Creating Experiential Learning Opportunities for Language Learners: Acting Locally while Thinking Globally
Edited by: Melanie Bloom, Carolyn Gascoigne
While much research has been done on experiential learning opportunities in study abroad settings, there are fewer publications devoted to experiential learning in the domestic context. This volume aims to fill that gap by providing a collection of chapters highlighting research-based innovations in experiential learning in domestic settings. The book focuses on three experiential learning contexts: community engagement experiences, professional engagement experiences and other unique experiential contexts such as language camps and houses. The collection focuses on the US context but the research projects and curricular innovations described here can serve as models for educators working in other local contexts and will encourage interested practitioners to explore experiential learning opportunities in their local areas. It will also provide the reader with a better understanding of this growing field of inquiry and should appeal to graduate students and researchers who are interested in experiential language learning.
Through a blend of research findings, program examples, lesson plans, and survey questionnaires, the authors offer first-hand accounts of how community-based, experiential learning enhanced the goals of their language learning programs. The broad coverage of issues and topics, spanning kindergarten through higher education, make this a useful volume, not just for language educators, but for all educators interested in strengthening students' capacities to act 'glocally' in multilingual contexts.
Andrew Furco, University of Minnesota, USA
This essential volume represents a seminal collection by leading scholars in experiential learning as it covers a diversity of topics and languages, divided into three critical areas of practice: community engagement experiences, professional engagement experiences and less common contexts such as language camps and houses. It is a unique contribution, which will be a welcome and useful resource to scholars, faculty and graduate students all over the world. This is certainly a 'must-have'.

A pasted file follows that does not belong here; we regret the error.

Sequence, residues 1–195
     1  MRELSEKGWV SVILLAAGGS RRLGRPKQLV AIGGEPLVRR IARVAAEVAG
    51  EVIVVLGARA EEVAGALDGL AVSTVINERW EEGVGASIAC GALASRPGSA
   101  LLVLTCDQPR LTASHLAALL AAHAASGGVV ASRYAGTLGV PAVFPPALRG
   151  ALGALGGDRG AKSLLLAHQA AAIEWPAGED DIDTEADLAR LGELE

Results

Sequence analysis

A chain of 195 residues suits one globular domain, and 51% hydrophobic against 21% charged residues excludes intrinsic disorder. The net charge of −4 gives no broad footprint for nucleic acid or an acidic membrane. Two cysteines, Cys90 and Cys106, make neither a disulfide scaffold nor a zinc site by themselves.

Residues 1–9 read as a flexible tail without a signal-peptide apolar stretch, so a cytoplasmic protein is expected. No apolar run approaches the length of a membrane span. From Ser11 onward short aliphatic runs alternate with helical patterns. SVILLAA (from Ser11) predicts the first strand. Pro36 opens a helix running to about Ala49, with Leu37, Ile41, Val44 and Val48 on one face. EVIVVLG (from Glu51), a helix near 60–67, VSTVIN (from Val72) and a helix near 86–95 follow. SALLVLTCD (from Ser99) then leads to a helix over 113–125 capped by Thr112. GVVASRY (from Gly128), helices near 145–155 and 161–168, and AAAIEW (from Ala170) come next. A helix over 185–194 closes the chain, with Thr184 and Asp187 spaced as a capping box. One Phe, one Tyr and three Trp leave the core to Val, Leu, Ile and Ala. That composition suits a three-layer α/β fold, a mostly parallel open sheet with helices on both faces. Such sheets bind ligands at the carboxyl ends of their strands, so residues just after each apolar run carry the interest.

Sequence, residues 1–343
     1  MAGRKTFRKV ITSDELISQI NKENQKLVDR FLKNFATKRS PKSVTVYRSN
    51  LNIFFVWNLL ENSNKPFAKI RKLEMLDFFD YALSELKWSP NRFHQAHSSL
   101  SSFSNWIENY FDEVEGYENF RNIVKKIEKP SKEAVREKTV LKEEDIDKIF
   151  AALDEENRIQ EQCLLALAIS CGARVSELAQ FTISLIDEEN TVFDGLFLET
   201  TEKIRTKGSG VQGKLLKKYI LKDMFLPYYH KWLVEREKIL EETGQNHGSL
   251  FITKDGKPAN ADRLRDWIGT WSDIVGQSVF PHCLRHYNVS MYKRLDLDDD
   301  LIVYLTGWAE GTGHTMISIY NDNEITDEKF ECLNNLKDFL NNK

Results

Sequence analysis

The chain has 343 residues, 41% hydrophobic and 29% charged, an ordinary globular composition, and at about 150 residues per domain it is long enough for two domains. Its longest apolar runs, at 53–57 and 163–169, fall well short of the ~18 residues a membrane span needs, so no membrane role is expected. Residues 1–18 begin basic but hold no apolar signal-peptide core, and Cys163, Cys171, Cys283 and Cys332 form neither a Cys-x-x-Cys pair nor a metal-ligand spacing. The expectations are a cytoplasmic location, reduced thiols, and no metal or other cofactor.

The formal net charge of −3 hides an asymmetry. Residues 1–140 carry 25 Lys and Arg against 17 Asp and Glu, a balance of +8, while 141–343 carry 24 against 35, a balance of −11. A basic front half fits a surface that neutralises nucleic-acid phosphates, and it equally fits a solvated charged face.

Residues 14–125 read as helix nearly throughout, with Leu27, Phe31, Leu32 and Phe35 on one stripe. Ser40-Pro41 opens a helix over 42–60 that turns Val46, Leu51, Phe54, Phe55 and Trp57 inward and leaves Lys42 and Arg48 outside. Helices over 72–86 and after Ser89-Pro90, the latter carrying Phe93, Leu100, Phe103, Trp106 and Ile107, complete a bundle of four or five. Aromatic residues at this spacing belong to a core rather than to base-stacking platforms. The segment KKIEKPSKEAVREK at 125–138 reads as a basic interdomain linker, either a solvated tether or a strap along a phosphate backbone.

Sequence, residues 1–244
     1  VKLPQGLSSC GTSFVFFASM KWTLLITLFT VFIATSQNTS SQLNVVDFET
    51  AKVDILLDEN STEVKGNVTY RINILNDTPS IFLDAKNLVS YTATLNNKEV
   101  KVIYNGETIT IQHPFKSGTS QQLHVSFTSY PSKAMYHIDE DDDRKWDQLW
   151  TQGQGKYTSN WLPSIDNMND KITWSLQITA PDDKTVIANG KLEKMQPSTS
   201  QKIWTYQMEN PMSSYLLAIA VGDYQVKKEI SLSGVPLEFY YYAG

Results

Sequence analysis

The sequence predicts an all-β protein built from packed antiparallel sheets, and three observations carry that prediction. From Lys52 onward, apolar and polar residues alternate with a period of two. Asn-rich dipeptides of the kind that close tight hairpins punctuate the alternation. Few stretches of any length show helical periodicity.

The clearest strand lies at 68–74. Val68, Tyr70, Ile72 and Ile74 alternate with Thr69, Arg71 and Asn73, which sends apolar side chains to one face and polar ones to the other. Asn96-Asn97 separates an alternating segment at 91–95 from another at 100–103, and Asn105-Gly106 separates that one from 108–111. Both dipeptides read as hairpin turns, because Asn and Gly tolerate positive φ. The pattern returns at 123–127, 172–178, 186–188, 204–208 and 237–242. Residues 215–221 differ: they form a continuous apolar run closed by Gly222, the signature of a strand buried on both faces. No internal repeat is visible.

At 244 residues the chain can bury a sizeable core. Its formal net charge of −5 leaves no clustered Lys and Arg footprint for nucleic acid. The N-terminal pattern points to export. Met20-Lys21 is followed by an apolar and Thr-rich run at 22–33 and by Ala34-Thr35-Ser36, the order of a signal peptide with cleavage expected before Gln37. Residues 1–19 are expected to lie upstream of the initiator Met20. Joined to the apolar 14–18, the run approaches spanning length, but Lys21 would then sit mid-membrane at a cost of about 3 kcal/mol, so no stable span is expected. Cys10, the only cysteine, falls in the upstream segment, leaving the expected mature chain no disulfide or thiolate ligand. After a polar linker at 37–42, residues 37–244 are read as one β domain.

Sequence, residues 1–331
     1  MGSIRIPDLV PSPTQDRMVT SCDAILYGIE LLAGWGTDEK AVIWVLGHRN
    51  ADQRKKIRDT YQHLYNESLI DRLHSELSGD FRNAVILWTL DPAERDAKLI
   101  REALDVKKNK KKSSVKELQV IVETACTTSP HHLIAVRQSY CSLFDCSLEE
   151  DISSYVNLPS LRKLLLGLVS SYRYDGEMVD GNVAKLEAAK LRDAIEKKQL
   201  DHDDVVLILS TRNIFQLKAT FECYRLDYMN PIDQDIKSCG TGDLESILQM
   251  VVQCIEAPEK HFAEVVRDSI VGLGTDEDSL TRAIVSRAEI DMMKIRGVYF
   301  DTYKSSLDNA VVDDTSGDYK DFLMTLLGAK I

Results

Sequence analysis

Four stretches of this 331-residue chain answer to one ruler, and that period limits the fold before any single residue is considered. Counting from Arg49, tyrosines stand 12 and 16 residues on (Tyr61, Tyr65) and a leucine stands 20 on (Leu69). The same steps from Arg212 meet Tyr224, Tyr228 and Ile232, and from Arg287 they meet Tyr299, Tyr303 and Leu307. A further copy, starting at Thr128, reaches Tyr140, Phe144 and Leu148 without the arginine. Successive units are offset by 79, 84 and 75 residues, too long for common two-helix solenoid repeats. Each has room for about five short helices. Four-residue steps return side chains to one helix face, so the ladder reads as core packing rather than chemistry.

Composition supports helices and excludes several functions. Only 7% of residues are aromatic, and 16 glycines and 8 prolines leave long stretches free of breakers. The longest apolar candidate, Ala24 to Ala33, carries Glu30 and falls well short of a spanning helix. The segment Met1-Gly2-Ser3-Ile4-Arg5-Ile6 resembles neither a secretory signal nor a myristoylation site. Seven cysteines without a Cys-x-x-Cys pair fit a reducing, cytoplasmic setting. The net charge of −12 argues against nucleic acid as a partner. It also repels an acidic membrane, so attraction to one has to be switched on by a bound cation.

Lourdes Sánchez-López, University of Alabama at Birmingham, USA
[This book] presents the reader with a well-balanced look at many forms of experiential learning. For educators or administrators thinking of starting their own programs, this book could provide them with a useful road map to follow and capitalize on the experience of other practitioners. Taken as a whole, this book presents a convincing argument for why experiential learning should be incorporated into language classes because of the benefits to both service providers and service receivers.
JALT Journal, 40.2, November 2018
The numerous examples of experiential learning projects...are all presented in ways that are easy to understand, adapt and implement. (The editors') recommendations about planning, implementation and reflection make this volume an essential tool in building experiential learning into a language curriculum.
LINGUIST List 29.483
This volume offers many ideas for student engagement in learning through community building for heritage speakers, students in small programs, and those wishing to break new ground. The collection of essays will be invaluable for anyone seeking ways to prepare second language learners for professional success and fulfillment.
French Review 92.1
Melanie Bloom is Associate Professor and Chair of the Department of Foreign Languages and Literature at the University of Nebraska at Omaha, USA. Her research interests include experiential learning, study abroad, second language writing and the teaching and learning of culture.
Carolyn Gascoigne is Dean of Arts & Humanities at Angelo State University, USA. Her research interests include second language reading and hybrid language instruction.
Melanie Bloom and Carolyn Gascoigne: Introduction
Part I Experiential Learning through Community Engagement
1. Adrian J. Wurr: Multilingual Learners and Leaders
2. Josef Hellebrandt: Community Engagement in Spanish Departments at US Colleges and Universities: Where is it?
3. Annie Abbott: Civic Engagement and Community Service Learning: Connecting Students' Experiences to Policy and Advocacy
4. C. Cecilia Tocaimaza-Hatch and Laura C. Walls: Service-learning as an Ecological Resource: Providing Learning Opportunities for Mixed Second- and Heritage-Language Classrooms
5. Frédérique Grim: Experiential Learning for L2 Students: Steps Toward a French Service-learning Program in the Community
Part II Experiential Learning through Professional Engagement
6. Carolyn Gascoigne: Externship Opportunities for French: An Initial Response to Pedagogical Climate Change
7. Melanie Bloom: Developing Internship Programming for Second Language Students
8. Carmen King de Ramírez and Barbara A. Lafford: Mentors' Perspectives on Professional Internships: Rewards, Challenges, and Future Directions
9. Leticia T. McDoniel: Internship Programs: A Platform for Locally-Based Cultural Immersion Programs
Part III Experiential Learning in other Local Contexts
10. Brigid Moira Burke: Using Expeditionary Learning Design for Secondary and College-Level World Language Curriculum and Instruction
11. Jessica S. Miller: Creative Placemaking in Cajun Louisiana: A Multidisciplinary Approach to Teaching and Learning Environmental, Cultural, and Linguistic Diversity in the United States
12. S. Marina Jones: Engaging Students through Foreign Language Campus Housing: A Case Study of a Small German Language Program
13. Jacqueline Thomas: Language Camps: By Teaching We Learn
14. Melanie Bloom: Conclusion: Future Directions in Experiential Learning